Are You Ready To Go Snipe Hunting?
By Skip Hutchison
Part Two - The Right Gun
For the first decade that I hunted snipe I used only one gun. It was the first and only shotgun I owned. When I was in my early twenties I bought my first gun that was chosen specifically for snipe. At that point I thought I had the best gun for hunting snipe that I could find or afford. For the majority of the conditions I hunt under I was probably right. However, while I haven't found a gun to make me more lethal I have found a few that I enjoy hunting with more than that first snipe gun. That gun is an Over/Under twenty gauge. It came with choke tubes but not being one to put too much emphasis on choke the improved cylinder and modified tubes that were in the gun when I picked it up are still in it. Are there days when I might do better if the open choke was replaced with a full choke? Sure there are, just as there are days when the modified could be replaced with a skeet choke tube making the improved cylinder barrel the one with the most constriction. However, I spend far more time trying to be ready for a flushing bird than I do worrying whether or not I have the best choke combination for a given day. Does that mean an IC/Mod choke combination is the best? From a shooting standpoint over the long run I would do just as well with a pump or auto choked anywhere from skeet to modified. A full choke is the only choke I would consider a liability more often than an asset. If I hunted wide open pastures more than I hunt marshes, and if flushes were longer and I took more high passing shots, I might think more choke was better than less choke. You know your typical range so I will let you decide what choke or choke combination is best for you. Just for the sake of discussion I will say that my first shotgun was a Remington 870 pump that has a fixed modified choke. As a teenager I shot it well and even today I could use it as effectively as any other gun I own. Every other gun I hunt snipe with has two barrels and only one of them has choke tubes. The others are choked IC/Mod, Mod/Full, or IC/Full. If you followed me for a season and watched me shoot them all I doubt if you would be able to conclude that one was superior to another.
What about gauge? I wouldn't use a ten gauge. You could, but I have never seen one light enough that I wanted to carry it very far while slopping through mud, water, and thick, thigh high grass. Assuming you'd never use anything larger even if legal still leaves quite a bit of options. Perhaps the best all around gauge for me might be a twenty gauge. Does that mean it is better than a sixteen or a twelve? Not at all. Anything a twenty can do a sixteen can do every bit as well and sometimes better. The same is even more true for the twelve gauge. So, why do I choose a twenty? I feel it is the best compromise between small size and light weight while still being nearly as effective as a larger bore gun the majority of the time. I like light weight and I like small tubes. I prefer to shoot double guns and the smaller the tubes are the less vision they block. I tend to find anything larger than a pair of twenty gauge barrels to be something of a distraction, although they might be preferred by you. Different tastes make hunting and shooting far more exciting than if we all shot the same guns.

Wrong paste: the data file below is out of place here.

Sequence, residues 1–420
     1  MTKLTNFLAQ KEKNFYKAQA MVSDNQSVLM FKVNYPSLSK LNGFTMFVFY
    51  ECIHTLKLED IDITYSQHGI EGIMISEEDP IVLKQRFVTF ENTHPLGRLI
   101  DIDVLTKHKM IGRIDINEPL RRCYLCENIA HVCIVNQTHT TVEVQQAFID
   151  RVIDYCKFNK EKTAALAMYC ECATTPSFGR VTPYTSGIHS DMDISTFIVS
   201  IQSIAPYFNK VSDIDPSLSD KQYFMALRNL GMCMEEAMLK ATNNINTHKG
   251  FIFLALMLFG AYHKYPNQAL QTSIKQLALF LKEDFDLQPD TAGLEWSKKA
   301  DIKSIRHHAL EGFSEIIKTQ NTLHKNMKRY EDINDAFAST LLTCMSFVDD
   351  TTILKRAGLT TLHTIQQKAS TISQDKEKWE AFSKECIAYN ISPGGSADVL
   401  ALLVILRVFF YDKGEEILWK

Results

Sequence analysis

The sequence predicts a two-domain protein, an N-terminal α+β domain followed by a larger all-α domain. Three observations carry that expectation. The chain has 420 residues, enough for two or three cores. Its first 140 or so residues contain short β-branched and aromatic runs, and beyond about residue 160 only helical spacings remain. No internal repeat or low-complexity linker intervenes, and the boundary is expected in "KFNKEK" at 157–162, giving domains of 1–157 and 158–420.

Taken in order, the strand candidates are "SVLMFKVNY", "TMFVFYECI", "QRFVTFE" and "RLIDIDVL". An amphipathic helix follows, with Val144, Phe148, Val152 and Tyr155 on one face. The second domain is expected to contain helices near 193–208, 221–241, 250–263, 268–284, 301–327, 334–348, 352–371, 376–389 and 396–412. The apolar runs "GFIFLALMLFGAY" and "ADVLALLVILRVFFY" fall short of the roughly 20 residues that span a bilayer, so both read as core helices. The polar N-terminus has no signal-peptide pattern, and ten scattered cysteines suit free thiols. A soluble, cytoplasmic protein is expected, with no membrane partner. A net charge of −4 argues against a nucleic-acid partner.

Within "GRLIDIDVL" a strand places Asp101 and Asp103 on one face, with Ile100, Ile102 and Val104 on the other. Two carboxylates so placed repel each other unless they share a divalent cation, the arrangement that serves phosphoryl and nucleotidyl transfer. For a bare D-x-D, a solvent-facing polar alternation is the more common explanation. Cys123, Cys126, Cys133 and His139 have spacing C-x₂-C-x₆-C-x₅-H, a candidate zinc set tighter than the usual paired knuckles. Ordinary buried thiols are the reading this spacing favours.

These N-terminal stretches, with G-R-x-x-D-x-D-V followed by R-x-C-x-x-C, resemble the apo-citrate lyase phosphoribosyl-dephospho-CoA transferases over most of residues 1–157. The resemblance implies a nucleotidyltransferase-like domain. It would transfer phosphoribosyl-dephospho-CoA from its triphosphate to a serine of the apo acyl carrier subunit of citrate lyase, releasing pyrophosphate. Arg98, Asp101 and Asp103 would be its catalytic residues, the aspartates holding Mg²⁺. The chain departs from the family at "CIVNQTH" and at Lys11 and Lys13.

How about hunting snipe with guns smaller than 20 gauge? That is something that will put a smile on my face in a hurry. I can tell a big difference at the end of the day if I have been carrying my little five pound, three ounce twenty-eight gauge. I only wish I could carry it every time I hunted. But I can't, or at least I shouldn't. In my opinion it isn't enough gun for me to effectively and efficiently kill snipe under tough conditions when the birds are skittish and shots are at the long end of effective shotgun range. It might be for you but it isn't for me. You could make the case that you can shoot 7/8 ounce or one ounce loads in a twenty-eight gauge and you would be right. However, very rarely will you end up with patterns as effective as if you had pushed that same payload through a larger barrel. That is just a cold, hard fact of shotgunning. I will briefly mention the four-ten because it will kill snipe. I bought one specifically for the purpose of finding out for myself if it was or was not adequate for snipe. It is far less qualified than a twenty gauge as an everyday gun and marginally efficient unless shots are reasonably close. I don't want to seem hypocritical because I occasionally shoot one even though I don't recommend it. In my opinion it should never be chosen as the first gun someone buys to hunt snipe with, nor the second.
That should leave you with some ideas but not too many absolutes. That is because nobody knows how you shoot better than you. If you are a slow and deliberate shooter you might consider a larger gauge or more choke than if you are a more reflexive shooter that shoots much quicker. If your cover is thick and a twenty-five yard shot is longer than average you can shoot just about any gauge you want with open chokes. You know your taste in guns and you are the one that has to pay for and use your guns. I'd won't tell anyone what gun they should hunt snipe with and neither should anyone else. Pick a gun with weight, barrel length, balance point, etc. that you are comfortable with and have confidence in and you will be happy. I see no reason to show or list the specific guns I shoot. If you want to see them they are all over the Hunting Season photo pages of this website. This article wasn't intended to be a gun show and the guns I own aren't that impressive anyway. They are all I have and they all work well for me on snipe. And when all is said and done, that's all that really matters.
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